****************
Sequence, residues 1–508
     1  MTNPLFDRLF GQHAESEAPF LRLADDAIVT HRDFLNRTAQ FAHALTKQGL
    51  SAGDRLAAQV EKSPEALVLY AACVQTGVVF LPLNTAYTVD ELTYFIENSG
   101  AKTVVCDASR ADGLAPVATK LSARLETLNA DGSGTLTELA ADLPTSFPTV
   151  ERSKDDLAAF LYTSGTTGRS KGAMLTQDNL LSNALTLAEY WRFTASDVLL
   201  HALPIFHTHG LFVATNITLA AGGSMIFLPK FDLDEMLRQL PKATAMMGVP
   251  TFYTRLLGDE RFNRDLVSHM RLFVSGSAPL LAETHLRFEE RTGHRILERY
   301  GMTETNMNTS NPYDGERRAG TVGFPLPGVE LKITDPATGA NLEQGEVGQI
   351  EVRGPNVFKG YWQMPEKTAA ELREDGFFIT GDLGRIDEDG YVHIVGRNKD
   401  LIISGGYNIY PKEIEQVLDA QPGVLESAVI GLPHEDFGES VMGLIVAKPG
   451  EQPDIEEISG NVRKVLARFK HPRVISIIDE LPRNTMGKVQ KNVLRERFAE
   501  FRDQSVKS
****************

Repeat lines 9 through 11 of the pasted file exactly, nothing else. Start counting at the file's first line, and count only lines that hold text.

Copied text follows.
   351  EVRGPNVFKG YWQMPEKTAA ELREDGFFIT GDLGRIDEDG YVHIVGRNKD
   401  LIISGGYNIY PKEIEQVLDA QPGVLESAVI GLPHEDFGES VMGLIVAKPG
   451  EQPDIEEISG NVRKVLARFK HPRVISIIDE LPRNTMGKVQ KNVLRERFAE